OTTAWA — Brian Towne says his speedy-trial rights were violated and he wants his 17 felonies all thrown out.
The former La Salle County state’s attorney is charged primarily with misuse of funds. He could face 3-7 years in prison if convicted.
Thursday, however, one of Towne’s lawyers filed a pair of motions to dismiss all charges on the grounds the state had a 160-day time limit and missed it.
Defense attorney Pat Herrmann wrote “658 days have elapsed since (Towne) was first charged on Sept. 5, 2017, and as of the filing of this motion to dismiss (Towne) has not even been arraigned on the charges.”
Herrmann noted that while Towne is perhaps responsible for a 145-day delay while seeking a special prosecutor, which ultimately was granted, more than 530 days “will be the result of the state’s attorney (Karen Donnelly) pursuing an interlocutory appeal which she had no authority to pursue.”
Special prosecutor Greg McClintock said he had seen the Thursday motions but did not anticipate filing a response until later in the month.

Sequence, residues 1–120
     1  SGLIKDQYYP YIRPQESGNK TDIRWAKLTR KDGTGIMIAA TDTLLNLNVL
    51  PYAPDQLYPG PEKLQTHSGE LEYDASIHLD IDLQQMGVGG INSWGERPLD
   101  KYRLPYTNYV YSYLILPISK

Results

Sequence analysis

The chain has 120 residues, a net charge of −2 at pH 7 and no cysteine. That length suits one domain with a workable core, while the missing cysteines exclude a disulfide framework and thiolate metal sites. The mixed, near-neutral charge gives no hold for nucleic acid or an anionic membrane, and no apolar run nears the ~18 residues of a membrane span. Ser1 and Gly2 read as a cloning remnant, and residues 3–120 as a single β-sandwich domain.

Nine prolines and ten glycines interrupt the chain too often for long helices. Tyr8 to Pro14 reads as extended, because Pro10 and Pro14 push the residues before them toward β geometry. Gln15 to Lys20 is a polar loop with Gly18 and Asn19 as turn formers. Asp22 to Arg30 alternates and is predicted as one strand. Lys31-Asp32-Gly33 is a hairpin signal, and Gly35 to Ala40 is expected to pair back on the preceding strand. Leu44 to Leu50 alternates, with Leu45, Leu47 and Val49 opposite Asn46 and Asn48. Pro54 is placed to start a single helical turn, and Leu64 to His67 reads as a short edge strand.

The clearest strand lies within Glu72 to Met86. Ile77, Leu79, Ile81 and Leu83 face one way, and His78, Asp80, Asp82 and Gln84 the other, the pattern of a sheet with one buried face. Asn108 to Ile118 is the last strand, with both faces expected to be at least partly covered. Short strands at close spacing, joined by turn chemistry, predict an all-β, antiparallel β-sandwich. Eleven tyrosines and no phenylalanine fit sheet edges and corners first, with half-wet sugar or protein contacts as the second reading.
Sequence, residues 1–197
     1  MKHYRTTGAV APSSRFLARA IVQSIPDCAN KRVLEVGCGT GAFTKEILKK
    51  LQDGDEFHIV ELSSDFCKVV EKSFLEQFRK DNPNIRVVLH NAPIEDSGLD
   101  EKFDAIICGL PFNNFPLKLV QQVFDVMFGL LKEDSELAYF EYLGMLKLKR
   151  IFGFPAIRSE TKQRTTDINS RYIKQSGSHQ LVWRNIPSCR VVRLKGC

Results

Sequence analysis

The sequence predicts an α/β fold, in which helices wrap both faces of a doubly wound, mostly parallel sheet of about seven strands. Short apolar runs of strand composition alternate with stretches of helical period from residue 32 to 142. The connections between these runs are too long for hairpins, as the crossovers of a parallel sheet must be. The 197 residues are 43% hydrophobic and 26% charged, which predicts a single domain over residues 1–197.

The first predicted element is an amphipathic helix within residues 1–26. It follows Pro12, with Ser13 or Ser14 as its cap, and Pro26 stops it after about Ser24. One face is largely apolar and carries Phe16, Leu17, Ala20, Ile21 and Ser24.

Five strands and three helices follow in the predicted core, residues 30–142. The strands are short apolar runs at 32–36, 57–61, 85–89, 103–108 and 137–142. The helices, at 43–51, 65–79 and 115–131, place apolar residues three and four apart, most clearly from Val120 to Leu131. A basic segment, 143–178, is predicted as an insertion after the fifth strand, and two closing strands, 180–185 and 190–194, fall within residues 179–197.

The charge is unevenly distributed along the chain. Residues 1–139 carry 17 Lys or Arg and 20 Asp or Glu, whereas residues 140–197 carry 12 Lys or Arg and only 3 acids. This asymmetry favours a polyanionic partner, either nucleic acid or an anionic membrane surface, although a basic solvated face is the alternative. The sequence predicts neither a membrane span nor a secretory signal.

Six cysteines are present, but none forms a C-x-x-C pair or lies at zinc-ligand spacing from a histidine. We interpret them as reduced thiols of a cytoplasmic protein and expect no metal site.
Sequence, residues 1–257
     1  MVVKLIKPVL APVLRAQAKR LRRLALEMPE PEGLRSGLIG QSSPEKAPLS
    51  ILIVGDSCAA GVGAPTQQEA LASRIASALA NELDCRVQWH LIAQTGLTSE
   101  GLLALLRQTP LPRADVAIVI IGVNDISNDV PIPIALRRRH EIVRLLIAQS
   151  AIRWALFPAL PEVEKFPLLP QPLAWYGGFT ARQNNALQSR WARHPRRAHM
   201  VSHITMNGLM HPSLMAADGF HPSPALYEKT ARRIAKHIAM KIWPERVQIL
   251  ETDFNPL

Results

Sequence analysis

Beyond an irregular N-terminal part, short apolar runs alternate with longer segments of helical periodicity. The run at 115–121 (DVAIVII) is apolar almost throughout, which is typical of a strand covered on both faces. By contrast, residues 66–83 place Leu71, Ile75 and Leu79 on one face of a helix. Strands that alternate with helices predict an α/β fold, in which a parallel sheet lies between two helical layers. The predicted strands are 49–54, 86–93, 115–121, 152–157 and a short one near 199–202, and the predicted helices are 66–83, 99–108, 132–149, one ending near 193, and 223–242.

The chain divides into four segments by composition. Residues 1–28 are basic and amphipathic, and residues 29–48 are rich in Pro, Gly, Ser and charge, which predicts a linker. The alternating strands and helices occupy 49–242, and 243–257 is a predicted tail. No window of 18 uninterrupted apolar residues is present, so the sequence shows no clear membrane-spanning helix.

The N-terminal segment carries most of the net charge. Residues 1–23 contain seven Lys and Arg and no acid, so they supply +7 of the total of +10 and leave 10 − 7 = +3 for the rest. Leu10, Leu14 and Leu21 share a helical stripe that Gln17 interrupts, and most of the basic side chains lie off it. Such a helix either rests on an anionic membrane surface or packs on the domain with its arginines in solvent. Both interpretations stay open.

Donnelly no longer is a party to the case.
As of Thursday, there was no hearing date scheduled for visiting Judge Clark Erickson to decide whether the state exceeded the time limit, which appears to have run out the weekend of May 18-19.
Erickson may have to wait until the end of the month or July before scheduling a hearing, as the parties all are waiting for an order, or mandate, from the Illinois Supreme Court. Last month, the state’s top court rejected Donnelly’s latest (and apparently final) attempt to be reinstated as Towne’s prosecutor.
That ruling cleared the way for McClintock to bring Towne to trial this summer; but now Erickson will first have to decide whether the clock has run out.
A suspect is guaranteed the right to trial within 120 days — 160 days if, like Towne, they are out of custody — but there are provisions where a judge can “toll” a case, or stop the clock. Any time a defendant’s fitness or sanity is called into question, for example, the clock stops and doesn’t resume ticking until mental evaluations are completed and ruled upon.